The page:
Bishop wants cooler heads to prevail on Bahamas immigration issue

Thursday, October 24, 2019

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NASSAU, Bahamas (CMC) — A senior official of the Anglican Church here says some of the “rhetoric and extreme language” are not helping in dealing with the controversy regarding the presence of illegal migrants in The Bahamas.

Addressing the 116th Synod that ends today, Bishop Laish Boyd said the topic of immigration, while an extremely hot topic worldwide, has been pushed to the forefront of the national agenda due to the passage of Hurricane Dorian last month.

“Some of the rhetoric and extreme language I have heard thus far — those supporting the migrants and those who are not — is extremely provocative, and not helpful to the cause of harmony in our country,” he told the congregation.

The Bahamian Government has defended its decision to deport illegal migrants, mainly Haitians, following the passage of the category five storm on September 1 that killed an estimated 60 people and left millions of dollars in damage on the islands of Abaco and Grand Bahama.

The Geneva-based Office of the United Nations High Commissioner for Human Rights has called on the Hubert Minnis-led Administration to halt the deportations, but Nassau responded by saying “it is unfortunate sometimes that international organisations — with all respect — apply standards to little countries like The Bahamas that they do not enforce in their own countries”.

Bishop Boyd said Bahamians must be careful “what we say and how we say it”, adding “sensitivity must prevail, even if what we say may be right, the time and the manner may not be right”.

He said also that Bahamians must stop saying that Haitians, in particular, “come and take while giving little or nothing to the country”, adding, “this is simply not true.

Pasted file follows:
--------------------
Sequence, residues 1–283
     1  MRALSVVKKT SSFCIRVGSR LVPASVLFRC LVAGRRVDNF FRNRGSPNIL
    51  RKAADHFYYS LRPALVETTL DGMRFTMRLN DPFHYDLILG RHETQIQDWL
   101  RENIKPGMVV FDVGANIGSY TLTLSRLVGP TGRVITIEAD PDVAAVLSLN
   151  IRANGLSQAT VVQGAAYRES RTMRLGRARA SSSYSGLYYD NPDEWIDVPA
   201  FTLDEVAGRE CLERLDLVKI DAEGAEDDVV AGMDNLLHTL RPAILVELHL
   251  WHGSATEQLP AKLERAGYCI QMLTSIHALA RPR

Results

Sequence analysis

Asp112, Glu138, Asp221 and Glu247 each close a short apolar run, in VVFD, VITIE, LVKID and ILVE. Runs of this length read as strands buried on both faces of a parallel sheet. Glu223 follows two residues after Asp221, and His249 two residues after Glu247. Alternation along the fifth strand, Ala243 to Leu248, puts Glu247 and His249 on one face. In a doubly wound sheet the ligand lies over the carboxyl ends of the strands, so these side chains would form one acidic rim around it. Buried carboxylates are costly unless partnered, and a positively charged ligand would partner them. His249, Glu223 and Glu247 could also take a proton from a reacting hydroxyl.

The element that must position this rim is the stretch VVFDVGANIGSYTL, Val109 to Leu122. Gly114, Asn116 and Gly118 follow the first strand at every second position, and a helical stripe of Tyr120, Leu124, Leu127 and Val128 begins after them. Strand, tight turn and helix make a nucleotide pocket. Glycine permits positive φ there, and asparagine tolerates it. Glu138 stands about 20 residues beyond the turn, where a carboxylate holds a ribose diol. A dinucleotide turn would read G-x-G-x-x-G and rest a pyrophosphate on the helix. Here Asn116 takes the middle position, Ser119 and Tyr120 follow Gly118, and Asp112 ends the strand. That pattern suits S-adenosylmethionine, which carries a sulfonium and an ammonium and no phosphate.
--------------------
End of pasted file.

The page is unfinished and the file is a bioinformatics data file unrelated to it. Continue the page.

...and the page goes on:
“Whenever a person works or raises a family, that person adds value to a country, in return for which he/she receives certain things like well-being, goods and services. It is not an exaggeration to say that if we take the Haitian labour out of our country, The Bahamas would be all the poorer because Haitians are contributing in every area you can think of.”

The Bishop said that there were many aspects of the Haitian culture from which Bahamians could learn much, noting that the vast majority of the nationals from the French-speaking Caribbean Community country work extremely hard and do not hang around on the streets begging like so many others do.

“Their work ethic is very good. They have a keen sense of family life and look after their children in the vast majority of cases. They attend PTA meetings, when many of us Bahamians do not; many of their children excel academically because that is a priority in their homes.

“My brothers and sisters, let us be honest and realistic, and let us find ways to live together in peace and harmony as God, who made us all, would have it,” Bishop Boyd said, suggesting that the authorities establish a board or authority “to monitor our handling of this extremely sensitive matter”.


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